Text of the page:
“If you want the truth, it’s as if someone is laughing at us,” he said. “All the world is fighting the Syrian people.”
While some took up arms like Hamdan, other activists have stayed true to peaceful spirit of the protest movements that first started in Dara’a back in 2011. In neighboring countries like Jordan, pockets of activists, journalists and Syrian army defectors are still piecing together a quiet resistance against Assad.
One of them is Milia Eidmouni, a journalist originally from Homs, who left Syria in 2012 for a job in Jordan’s capital Amman with an international aid group when work permits for Syrians were still easy to get.
She writes about refugee rights in Jordan and trains citizen journalists through the Syrian Female Journalist Network (SFJN), an organization she co-founded after leaving Damascus.
While Hamdan traded protest signs for armed rebellion long ago, 29-year-old Eidmouni chose a political path. Both believe the way forward still begins with removing Assad.
In an empty cafe in Amman, the soft-spoken activist sports a blonde crop and a row of tiny studs in her ears as she talks about the revolution’s early days.
She came to Jordan when her participation in street demonstrations and embassy sit-ins in Damascus landed her on the government’s radar. Her network was getting thinner and thinner as more friends were detained. By the end of 2012, she decided the only possibility to continue fighting Assad was from outside Syria.
As the war charges forward, Eidmouni hopes to transform the way Syrian women are involved in the political process through the SFJN.
“Usually, [Syrian women] have two roles: Either we are Syrian refugees and can’t do anything, or we live in the camps and only cook and take care of the kids,” she says. “We’re trying to change that image so that people believe women can be involved in the transitional process, in politics, and in the conflict’s solution.”
But as the war drags nearer to its fourth year and grows more brutal by the day, the nonviolent movement has been overshadowed by a hazy web of interests. While her vision for the revolution hasn’t shifted from where it began in 2011, Eidmouni admits things have become more complicated.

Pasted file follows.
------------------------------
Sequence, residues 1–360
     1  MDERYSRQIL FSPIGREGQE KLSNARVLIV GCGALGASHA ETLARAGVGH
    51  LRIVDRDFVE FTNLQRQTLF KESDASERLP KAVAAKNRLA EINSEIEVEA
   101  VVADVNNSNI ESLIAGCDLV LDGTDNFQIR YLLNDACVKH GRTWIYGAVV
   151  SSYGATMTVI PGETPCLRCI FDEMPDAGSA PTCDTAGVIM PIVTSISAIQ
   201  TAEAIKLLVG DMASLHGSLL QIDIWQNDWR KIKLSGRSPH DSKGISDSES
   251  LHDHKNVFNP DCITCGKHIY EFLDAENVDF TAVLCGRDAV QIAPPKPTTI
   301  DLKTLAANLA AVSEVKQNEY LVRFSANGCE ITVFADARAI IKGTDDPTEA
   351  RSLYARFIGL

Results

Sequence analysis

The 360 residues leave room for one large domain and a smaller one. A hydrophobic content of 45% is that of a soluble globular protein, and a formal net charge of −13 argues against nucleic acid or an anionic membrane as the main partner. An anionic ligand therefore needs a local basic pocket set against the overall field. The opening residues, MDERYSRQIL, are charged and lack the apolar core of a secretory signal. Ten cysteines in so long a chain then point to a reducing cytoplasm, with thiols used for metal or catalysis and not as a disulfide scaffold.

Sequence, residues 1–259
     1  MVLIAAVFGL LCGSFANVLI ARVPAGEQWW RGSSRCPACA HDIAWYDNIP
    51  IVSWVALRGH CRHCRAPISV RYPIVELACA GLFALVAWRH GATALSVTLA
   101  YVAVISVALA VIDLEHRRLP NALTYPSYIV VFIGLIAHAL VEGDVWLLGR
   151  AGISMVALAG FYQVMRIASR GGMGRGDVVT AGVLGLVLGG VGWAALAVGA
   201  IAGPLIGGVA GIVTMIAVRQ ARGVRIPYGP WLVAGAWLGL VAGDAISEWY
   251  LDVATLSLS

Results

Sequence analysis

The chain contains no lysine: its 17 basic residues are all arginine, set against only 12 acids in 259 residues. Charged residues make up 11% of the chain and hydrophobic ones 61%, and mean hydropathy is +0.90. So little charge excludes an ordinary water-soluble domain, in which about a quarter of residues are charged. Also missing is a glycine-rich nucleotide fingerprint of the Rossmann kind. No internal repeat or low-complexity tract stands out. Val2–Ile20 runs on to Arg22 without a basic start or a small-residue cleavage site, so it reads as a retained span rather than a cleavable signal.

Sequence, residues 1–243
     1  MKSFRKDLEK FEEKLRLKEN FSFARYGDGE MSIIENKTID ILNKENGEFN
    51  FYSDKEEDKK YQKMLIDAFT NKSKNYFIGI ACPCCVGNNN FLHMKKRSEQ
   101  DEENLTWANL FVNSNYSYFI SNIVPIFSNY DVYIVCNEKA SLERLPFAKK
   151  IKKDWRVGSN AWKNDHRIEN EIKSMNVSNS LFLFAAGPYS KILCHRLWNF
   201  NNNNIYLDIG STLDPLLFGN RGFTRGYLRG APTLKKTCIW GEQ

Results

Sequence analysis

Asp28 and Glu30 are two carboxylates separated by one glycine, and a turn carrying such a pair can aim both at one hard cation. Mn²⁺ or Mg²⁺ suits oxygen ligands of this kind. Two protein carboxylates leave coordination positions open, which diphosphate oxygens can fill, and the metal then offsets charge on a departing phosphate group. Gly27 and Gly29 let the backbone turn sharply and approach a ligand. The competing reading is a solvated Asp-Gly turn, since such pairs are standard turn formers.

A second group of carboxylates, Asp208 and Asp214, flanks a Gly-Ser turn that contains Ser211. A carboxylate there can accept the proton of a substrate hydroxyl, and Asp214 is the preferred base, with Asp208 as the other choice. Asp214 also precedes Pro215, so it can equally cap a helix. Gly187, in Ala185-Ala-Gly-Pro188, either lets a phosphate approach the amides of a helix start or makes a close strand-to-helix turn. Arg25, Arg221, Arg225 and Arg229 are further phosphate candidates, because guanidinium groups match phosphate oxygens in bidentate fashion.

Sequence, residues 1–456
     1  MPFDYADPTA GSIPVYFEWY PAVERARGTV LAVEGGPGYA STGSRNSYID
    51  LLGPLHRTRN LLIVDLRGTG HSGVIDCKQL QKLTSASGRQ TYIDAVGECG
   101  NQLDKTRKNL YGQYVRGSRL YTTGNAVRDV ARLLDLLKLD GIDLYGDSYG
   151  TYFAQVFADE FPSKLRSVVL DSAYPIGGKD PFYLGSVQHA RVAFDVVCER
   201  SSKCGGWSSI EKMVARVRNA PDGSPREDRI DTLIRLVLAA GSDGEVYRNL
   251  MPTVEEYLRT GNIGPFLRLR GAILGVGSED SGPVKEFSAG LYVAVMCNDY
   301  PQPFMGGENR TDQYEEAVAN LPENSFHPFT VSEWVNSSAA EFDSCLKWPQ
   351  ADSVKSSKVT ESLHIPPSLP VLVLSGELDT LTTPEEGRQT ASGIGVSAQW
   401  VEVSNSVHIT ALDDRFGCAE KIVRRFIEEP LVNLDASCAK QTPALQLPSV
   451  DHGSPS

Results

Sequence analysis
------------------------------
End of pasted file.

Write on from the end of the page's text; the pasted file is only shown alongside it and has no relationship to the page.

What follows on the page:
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“I’m still supporting the revolution, this is not changing, but first we were fighting against the regime, now we’re fighting against the regime and the jihadists,” she says. “Because they’re trying to control our revolution, the peaceful one.”
Stephen Zunes, a professor of Politics and International Studies at the University of San Fransisco who specializes in nonviolent resistance movements, pinpoints two factors that made Assad stronger than other Arab spring leaders — a relatively large social base of support among minority sects, and a disorganized opposition movement in 2011.
“Statistics show, basically, with more armed engagements…there was a dramatic drop-off in both the number of demonstrations and the participation of people in them,” he said. “It really did hurt the movement from the very beginning.”
“Now we’re fighting against the regime and the jihadists.”
When street protests turned into armed rebellion, he says, nonviolent solutions slipped out of reach.
As ISIS militants sweep through Syria, Zunes says Assad’s government could look even more appealing.
“ISIS has definitely strengthened [Assad] big time,” Zunes said. “I’d say the majority of Syrians who if they had the choice between the nonviolent opposition in 2011 and the regime, they wouldn’t choose the regime, but between ISIS and Assad, I think most would obviously choose Assad.”
Eidmouni says political action in getting harder to spur in Jordan, too, with new restrictions on work permits and visas being imposed on Syrians as the kingdom’s resources dwindle to a refugee population that’s at least surpassed 620,000 — though unofficial figures place the number around 1.4 million.
In August, local activists planned a demonstration in front of the Syrian embassy in Amman, to commemorate the 2013 chemical attack in the Damascus suburb of Ghouta. Jordanian authorities prevented protesters from hanging banners, however, and many stayed away from the embassy for fear of arrest.
The Jordanian government joined the coalition of Arab nations in the U.S.-led airstrike campaign in Syria in September, marking one of its first definitive military steps there so far. But Jordan’s stance on Assad has been ambiguous throughout the conflict, making the peaceful movement lose momentum, Eidmouni said.
“There’s nothing here in Jordan you could call a movement,” she said. “During my last year here, if I met any Syrian they will say they’re planning to leave Jordan…because of all the new restrictions, it’s so hard right now. There’s just no space to do anything anymore…neither here nor there.”
Look out for part 3 of On the Borders of War, coming tomorrow.